McGreevy also called on President Donald Trump to end the tariffs on aluminum.
Meanwhile, U.S. Reps. Ken Buck (R-CO) and Jim Costa (D-CA) introduced legislation to provide more oversight of aluminum markets after the beer industry called upon lawmakers to investigate irregularities in the aluminum market, which stakeholders claim are causing the price of the metal used in beverage cans to surge.
H.R. 6927, the Aluminum Pricing Examination (APEX) Act, would give the Commodities Futures Trading Commission (CFTC) the authority to oversee and investigate price reporting and setting in the aluminum markets.
The bill would also enable the CFTC to work with the U.S. Department of Justice to investigate anti-competitive behavior in aluminum price reporting.
“Our beverage and beer industry, along with so many other job-creating industries, rely on a fair and free market for aluminum purchases,” Buck said in a press release. “To avoid perversions of the free market, like monopoly pricing, we need to fully equip the CFTC, alongside the Justice Department, to investigate pricing irregularities that have been plaguing the aluminum market for months now.”
Utah Regulations Grocery, Convenience Store Beer Sales
Hidden in a bill that lifted the Zion Curtain in Utah’s restaurants was language that limited the number of beer displays in grocery and convenience stores as well as required those retailers to post warning signs noting that “These beverages contain alcohol,” the Salt Lake City Tribune reported.
Additionally, the new law now requires stores to obtain an off-premise state license from the Utah Department of Alcoholic Beverage Control (DABC), with the proceeds going to hire five new compliance officers, the outlet reported.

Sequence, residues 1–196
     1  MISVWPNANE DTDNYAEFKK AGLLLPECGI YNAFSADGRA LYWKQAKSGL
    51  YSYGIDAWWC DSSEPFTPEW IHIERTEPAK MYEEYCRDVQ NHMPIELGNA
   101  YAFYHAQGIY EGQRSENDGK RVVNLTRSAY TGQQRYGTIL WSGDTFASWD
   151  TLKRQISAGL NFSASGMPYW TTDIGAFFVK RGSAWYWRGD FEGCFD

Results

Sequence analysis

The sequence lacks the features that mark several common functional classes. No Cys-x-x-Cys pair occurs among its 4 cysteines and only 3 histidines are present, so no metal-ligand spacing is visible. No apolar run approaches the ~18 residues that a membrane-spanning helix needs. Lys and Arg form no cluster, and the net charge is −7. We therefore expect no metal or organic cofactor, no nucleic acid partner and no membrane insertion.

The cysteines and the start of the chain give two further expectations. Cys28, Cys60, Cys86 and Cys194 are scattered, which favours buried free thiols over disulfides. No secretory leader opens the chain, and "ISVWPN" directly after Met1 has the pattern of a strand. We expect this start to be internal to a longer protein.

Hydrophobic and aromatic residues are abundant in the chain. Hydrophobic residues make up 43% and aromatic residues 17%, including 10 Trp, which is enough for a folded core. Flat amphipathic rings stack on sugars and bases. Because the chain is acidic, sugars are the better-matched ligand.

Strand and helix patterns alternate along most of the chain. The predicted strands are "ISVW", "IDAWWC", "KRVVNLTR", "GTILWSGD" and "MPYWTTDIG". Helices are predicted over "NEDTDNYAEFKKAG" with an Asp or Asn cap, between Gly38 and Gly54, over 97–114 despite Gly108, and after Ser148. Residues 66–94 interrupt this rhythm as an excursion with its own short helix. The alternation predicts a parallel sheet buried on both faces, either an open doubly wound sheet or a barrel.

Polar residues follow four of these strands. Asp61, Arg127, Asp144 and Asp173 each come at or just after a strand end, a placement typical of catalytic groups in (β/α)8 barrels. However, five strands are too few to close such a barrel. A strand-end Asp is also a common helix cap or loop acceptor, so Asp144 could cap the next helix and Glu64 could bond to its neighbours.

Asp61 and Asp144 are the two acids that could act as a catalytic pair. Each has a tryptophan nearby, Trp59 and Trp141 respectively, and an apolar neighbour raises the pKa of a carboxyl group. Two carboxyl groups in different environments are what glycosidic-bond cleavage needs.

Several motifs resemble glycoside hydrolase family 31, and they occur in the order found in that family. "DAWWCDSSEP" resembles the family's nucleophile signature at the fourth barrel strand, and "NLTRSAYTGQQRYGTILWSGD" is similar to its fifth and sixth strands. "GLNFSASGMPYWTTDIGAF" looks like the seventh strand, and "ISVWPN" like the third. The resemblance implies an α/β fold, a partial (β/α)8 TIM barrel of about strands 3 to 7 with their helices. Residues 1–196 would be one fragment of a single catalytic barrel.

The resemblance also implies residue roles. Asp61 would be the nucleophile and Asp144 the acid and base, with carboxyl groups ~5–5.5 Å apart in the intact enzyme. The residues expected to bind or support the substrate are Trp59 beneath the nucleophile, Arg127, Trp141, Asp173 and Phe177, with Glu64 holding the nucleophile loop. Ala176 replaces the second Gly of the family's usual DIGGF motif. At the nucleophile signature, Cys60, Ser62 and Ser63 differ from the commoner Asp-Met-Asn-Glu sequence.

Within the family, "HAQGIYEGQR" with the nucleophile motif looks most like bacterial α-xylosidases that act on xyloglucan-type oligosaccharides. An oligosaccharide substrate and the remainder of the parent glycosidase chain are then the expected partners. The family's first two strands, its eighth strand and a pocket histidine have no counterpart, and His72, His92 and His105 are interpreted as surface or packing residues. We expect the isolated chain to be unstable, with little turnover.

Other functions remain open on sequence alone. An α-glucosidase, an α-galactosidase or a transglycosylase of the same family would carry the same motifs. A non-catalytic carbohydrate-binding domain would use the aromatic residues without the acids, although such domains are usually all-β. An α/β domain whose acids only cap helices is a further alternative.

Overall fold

“We’re not here to shut people down,” DABC off-premise beer manager Stephne Hanson told the outlet. “But we need everyone to get licensed, or beer comes off the shelves.”
Read more about the new regulations here.
CH Distillery Acquires Malort
CH Distillery, a Chicago-based craft spirits producer, has acquired the Jeppson’s Malort brand, according to the Chicago Tribune. Terms of the deal were not disclosed.
Malort, an herbal liqueur with a bitter aftertaste, has gained a cult-like following in Chicago in recent years because of its acquired taste and an off-putting flavor profile that leaves many first-time drinkers asking why anyone would subject themselves to such a beverage.
Since 2011, sales of the brand have increased from about 2,000 cases annually to more than 10,000 cases last year, the Tribune reported.
“I don’t take any credit. It was the hipsters. The Chicago hipsters adopted Malort,” outgoing president Pat Gabelick told the outlet.
Though the brand is primarily sold in Chicago, Malort has been produced in Florida since the 1970s.
CH Distillery founder Tremaine Atkinson said he was interested in acquiring Malort because of his own love-hate relationship with the brand.
“It’s such a great iconic Chicago thing,” he told the Tribune.
Chris Furnari contributed to this report.